Consumer Watchdog Seeks Probe of How FirstEnergy Spent Ratepayer Money
image credit: Ohio statehouse. Credit: OhioStatehouse.org
- Sep 14, 2020 4:11 pm GMTSep 14, 2020 1:23 pm GMT
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The Office of Ohio Consumers’ Counsel filed paperwork with the Public Utilities Commission in early September in an effort to learn where FirstEnergy got the $60 million that federal prosecutors say was part of the largest bribery scandal in Ohio history.
The filed motions include:
- A request for an investigation and a management audit of FirstEnergy.
- A requirement that the company show that it hadn’t misused consumer money to support the passage of a nuclear bailout.
- A reopening of a probe into how FirstEnergy spent money intended to upgrade the electricity grid.
In July, the U.S. Attorney’s office charged then-House Speaker Larry Householder in an alleged scheme to funnel FirstEnergy money through “dark money” groups in an effort to elect supportive lawmakers and make Householder speaker.
The charges allege that the goal was to pass a $1.3 billion bailout, known as House Bill 6, that largely went to two nuclear power plants, but also aided two coal-powered power plants.
In its filing, the consumers’ counsel said it was asking the utilities commission to do its job.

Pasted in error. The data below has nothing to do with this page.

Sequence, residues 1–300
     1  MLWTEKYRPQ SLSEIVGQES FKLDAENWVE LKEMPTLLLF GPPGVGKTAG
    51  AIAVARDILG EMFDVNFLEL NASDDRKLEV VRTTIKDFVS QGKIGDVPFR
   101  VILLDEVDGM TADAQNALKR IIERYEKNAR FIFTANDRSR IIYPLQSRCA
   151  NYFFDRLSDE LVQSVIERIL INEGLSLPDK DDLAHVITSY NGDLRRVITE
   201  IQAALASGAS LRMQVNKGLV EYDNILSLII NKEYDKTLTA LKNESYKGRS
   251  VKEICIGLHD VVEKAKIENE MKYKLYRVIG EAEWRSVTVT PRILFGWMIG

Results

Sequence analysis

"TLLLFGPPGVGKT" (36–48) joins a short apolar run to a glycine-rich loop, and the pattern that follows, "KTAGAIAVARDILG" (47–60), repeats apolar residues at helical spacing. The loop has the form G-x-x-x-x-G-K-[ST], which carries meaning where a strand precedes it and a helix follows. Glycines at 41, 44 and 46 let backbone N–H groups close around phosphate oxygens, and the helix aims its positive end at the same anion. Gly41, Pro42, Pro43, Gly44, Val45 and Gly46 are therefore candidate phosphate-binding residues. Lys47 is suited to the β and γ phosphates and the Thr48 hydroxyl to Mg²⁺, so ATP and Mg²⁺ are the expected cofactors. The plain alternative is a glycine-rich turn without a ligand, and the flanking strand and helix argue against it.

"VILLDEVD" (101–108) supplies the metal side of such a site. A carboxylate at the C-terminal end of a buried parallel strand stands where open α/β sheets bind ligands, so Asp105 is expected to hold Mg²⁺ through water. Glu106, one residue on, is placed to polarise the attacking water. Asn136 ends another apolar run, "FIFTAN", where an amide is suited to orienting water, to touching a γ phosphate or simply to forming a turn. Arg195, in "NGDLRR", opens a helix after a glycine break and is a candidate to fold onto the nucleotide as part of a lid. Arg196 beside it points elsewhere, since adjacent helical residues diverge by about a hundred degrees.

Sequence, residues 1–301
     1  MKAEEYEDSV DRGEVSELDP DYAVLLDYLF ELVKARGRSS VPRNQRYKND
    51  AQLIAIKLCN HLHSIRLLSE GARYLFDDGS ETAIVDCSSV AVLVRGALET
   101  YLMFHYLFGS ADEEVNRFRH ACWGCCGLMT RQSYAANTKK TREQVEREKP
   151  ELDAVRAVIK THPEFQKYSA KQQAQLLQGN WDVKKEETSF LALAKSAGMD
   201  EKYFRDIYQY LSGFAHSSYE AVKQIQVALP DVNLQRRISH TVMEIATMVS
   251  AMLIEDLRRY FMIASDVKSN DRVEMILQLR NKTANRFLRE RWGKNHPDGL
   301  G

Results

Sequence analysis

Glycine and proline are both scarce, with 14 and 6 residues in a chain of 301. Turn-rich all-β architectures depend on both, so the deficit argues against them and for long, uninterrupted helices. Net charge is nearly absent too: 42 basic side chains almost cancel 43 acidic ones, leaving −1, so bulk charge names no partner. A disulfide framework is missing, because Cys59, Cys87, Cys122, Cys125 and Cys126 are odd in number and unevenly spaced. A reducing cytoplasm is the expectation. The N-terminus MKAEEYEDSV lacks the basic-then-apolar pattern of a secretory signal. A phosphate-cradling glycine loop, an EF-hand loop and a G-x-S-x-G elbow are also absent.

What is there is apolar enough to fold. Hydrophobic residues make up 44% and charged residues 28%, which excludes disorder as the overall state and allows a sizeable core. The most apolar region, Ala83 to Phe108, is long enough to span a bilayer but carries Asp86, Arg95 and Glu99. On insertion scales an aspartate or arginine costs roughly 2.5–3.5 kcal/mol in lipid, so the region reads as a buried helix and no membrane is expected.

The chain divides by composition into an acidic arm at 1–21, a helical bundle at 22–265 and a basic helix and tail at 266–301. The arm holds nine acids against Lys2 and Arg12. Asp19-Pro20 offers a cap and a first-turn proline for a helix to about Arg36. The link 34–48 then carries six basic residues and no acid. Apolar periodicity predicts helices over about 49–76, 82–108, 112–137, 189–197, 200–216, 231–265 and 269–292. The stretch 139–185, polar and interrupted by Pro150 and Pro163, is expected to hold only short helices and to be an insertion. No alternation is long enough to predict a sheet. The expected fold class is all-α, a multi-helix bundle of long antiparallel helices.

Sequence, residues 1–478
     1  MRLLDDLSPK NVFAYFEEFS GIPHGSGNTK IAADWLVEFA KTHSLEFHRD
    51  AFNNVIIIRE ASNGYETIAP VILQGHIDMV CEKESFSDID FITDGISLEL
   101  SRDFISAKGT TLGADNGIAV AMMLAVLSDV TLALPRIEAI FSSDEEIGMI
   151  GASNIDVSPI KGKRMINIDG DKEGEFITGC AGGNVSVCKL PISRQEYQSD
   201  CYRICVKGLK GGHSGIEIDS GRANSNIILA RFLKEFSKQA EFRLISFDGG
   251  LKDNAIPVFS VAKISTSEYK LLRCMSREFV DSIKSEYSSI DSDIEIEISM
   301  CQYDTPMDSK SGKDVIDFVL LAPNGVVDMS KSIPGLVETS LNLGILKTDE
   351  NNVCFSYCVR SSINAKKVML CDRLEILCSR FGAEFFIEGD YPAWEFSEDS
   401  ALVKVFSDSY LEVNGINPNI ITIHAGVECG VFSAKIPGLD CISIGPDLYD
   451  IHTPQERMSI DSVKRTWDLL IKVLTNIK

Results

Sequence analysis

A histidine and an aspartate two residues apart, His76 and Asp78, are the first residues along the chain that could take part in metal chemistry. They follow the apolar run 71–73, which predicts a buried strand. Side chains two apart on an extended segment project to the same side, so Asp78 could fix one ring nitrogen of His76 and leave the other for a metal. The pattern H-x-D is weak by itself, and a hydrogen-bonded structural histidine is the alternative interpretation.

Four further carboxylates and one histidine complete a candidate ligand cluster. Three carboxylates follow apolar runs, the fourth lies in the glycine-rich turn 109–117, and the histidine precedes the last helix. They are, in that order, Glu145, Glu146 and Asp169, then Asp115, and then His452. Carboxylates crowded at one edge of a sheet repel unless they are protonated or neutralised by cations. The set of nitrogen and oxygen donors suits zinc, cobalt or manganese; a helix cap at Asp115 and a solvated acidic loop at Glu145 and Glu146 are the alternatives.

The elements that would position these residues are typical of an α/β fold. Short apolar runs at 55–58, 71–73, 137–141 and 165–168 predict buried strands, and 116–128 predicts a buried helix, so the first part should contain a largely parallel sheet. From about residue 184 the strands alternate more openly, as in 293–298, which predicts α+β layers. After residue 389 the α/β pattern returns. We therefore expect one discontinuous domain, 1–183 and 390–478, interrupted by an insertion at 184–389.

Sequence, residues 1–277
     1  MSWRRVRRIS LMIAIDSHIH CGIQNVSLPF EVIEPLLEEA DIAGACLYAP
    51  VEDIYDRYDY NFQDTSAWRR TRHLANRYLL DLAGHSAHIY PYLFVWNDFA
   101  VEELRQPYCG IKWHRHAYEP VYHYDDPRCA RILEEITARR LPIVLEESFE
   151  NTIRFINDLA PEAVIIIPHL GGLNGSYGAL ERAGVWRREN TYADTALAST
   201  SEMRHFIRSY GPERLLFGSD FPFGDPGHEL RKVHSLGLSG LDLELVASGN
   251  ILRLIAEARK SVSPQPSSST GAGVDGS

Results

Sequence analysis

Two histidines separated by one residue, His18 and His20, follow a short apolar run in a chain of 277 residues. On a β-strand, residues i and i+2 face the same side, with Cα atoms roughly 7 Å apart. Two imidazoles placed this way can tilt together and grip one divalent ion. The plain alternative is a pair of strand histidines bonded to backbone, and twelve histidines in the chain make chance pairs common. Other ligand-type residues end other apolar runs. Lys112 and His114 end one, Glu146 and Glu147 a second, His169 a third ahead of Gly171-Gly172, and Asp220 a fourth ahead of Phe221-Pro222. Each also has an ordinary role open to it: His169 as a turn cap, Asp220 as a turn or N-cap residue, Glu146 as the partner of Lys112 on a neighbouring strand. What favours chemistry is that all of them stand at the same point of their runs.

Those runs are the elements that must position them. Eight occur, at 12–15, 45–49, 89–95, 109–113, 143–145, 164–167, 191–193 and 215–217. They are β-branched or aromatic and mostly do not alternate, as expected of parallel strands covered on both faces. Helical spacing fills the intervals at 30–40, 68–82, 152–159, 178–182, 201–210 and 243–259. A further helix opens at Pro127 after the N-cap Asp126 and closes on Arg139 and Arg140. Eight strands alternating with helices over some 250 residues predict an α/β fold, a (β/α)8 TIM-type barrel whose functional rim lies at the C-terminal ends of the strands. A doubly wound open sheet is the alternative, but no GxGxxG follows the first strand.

“The (Public Utilities Commission of Ohio) has the right and duty to regulate public utilities, for the protection of the public,” it said. “The PUCO should require FirstEnergy to show that money it collected from consumers, including the distribution modernization charge money, was not improperly used regarding House Bill 6 and that it did not violate any utility regulatory laws or PUCO orders regarding House Bill 6.”
A FirstEnergy spokeswoman was quoted in local news reports as saying that the company will respond to the motion as required.
In its filings, the consumers’ counsel focused on $465 million FirstEnergy was allowed to collect from Ohio ratepayers in 2017 and 2018 as a “distribution modernization rider.” The rider was meant to fund distribution system improvements in Ohio.
The consumers’ counsel pointed to an independent audit showing that at least some of the money was used for other purposes. For example, it was placed in FirstEnergy’s “Regulated Utility Money Pool,” where its out-of-state utilities could borrow from it.
The utilities commission reportedly shut down an investigation into the extra charge and how the money was used. In its filing, the consumers’ counsel says the inquiry “should be reopened in light of the new information alleged in the U.S. Criminal Complaint about FirstEnergy’s use of extraordinary amounts of money in its efforts for the passage of House Bill 6.”
After other parties respond to the consumers’ counsel motions the utilities commission will decide whether to approve them.